The unit only supports 2.4GHz networks, which seems equivalent to a smart EV charger. We had no problems connecting to our home Wi-Fi despite our area being crowded with 2.4GHz SSIDs.

Emporia application

The Emporia Energy unit differs from other smart EV chargers because its product is Whole home power center. While you can buy the charger just to charge your EV for $399, the company also sells it as an integrated package With 16 circuit sensors, Emporia Vue energy monitor, which It integrates with your circuit board (PDF), and four smart plugs, for $564.

I haven’t had a chance to test Vue or smart plugs, but the idea of ​​a whole-home energy management and monitoring solution is very appealing. Vue can also set your EV charger to automatically charge your car to take in excess power generated by a solar power system—I don’t have a solar power system, but I’d definitely look into that solution if I did.

also: How Schneider Electric plans to help you control your energy bills

The Emporia app also integrates with Ecobee, Emerson Sensi, and Honeywell Total Connect smart thermostats (sorry, no Nest or Amazon), Bluetooth-connected home backup batteries from Emporia Energy, and electric vehicles with smart car API data network connection.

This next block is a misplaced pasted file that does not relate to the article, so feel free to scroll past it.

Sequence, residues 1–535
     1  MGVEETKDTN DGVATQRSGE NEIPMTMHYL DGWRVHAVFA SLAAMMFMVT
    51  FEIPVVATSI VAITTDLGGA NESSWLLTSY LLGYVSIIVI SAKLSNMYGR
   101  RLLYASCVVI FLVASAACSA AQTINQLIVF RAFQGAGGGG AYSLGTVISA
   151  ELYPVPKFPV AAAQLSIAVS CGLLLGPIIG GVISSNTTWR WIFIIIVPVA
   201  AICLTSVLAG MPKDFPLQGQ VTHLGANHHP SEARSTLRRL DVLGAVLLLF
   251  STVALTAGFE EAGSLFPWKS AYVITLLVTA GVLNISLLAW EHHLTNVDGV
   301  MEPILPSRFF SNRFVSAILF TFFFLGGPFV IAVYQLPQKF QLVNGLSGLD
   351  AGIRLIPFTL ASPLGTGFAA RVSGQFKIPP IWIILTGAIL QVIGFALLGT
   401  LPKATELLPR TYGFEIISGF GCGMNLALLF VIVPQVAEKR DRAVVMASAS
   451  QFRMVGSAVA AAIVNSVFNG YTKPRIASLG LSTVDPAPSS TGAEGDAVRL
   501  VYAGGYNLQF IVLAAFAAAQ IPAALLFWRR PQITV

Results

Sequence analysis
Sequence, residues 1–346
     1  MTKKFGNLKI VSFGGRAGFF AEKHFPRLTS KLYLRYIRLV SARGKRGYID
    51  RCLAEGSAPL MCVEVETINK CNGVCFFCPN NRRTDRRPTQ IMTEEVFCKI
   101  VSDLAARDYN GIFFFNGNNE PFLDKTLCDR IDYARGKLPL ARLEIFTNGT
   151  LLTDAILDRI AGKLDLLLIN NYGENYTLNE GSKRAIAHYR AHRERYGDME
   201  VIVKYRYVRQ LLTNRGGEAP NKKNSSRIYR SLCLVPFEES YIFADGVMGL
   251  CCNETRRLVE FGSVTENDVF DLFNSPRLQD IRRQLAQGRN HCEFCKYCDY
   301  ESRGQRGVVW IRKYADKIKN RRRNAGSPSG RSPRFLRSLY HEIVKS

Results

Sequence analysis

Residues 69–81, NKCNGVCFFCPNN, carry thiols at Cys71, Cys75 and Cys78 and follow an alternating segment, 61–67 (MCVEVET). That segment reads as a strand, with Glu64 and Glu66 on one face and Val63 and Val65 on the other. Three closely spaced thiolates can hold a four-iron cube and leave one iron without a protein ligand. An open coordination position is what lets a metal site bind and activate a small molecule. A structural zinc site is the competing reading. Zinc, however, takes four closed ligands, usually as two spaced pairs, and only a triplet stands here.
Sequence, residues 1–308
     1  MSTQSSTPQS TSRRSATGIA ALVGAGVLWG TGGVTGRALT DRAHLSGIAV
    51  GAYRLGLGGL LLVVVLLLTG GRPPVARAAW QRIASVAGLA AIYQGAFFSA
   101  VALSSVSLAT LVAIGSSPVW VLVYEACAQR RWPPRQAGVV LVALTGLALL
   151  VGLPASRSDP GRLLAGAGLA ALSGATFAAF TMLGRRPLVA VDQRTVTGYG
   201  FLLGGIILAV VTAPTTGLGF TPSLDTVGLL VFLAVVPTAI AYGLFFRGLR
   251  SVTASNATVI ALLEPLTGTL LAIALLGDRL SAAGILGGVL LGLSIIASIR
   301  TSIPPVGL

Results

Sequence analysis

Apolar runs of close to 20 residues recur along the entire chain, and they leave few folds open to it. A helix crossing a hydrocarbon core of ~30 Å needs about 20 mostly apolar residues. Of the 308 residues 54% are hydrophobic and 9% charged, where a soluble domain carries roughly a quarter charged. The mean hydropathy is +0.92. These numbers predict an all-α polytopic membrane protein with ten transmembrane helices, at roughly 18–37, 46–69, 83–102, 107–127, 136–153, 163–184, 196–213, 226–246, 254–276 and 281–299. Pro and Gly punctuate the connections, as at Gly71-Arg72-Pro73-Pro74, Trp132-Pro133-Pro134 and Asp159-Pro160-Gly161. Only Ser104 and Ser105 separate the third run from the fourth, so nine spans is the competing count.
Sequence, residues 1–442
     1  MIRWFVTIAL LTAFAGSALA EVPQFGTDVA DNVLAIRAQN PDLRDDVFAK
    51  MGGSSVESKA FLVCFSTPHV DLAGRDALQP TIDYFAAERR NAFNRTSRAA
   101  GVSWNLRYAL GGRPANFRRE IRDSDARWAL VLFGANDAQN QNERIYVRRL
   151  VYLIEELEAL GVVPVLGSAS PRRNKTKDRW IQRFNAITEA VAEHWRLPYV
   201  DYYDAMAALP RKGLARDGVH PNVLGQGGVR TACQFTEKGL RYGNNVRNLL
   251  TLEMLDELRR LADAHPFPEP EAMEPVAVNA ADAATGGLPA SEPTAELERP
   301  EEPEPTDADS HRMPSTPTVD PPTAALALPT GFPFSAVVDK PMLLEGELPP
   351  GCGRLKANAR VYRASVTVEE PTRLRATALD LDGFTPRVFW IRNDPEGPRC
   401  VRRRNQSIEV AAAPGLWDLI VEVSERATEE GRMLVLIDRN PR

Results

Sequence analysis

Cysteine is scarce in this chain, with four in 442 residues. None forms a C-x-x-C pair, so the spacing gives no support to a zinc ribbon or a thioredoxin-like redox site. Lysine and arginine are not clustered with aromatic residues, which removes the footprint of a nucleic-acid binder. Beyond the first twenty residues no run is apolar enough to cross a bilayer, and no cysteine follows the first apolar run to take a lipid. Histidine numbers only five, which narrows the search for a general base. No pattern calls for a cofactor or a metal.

I haven’t had a chance to test the SmartCar feature, but it looks interesting because it will know remotely if your car is charging anywhere, not just from an Emporia.

The main screen of the app shows you the devices you have integrated for monitoring (charger, SmartCar connected EVs, thermostats, smart plugs, batteries, circuits), and there View the main graph showing your energy usage down to the secondif necessary.

So, for example, you can view the charger’s live rate as it goes up from just a few amps to a full 48 amps, if your circuit supports it, and it reduces the charging speed at the end of the charge cycle. The graph view will also show you energy consumption views by minute, hour, day, week, month, and year, measured in kWh, amps, gallons of gasoline, vehicle miles, CO2 offset, and even trees. If you set your own power supply – in my case, fpl – It can also show you how much energy you have consumed in dollars, on a per charge basis, in daily logs and graph displays.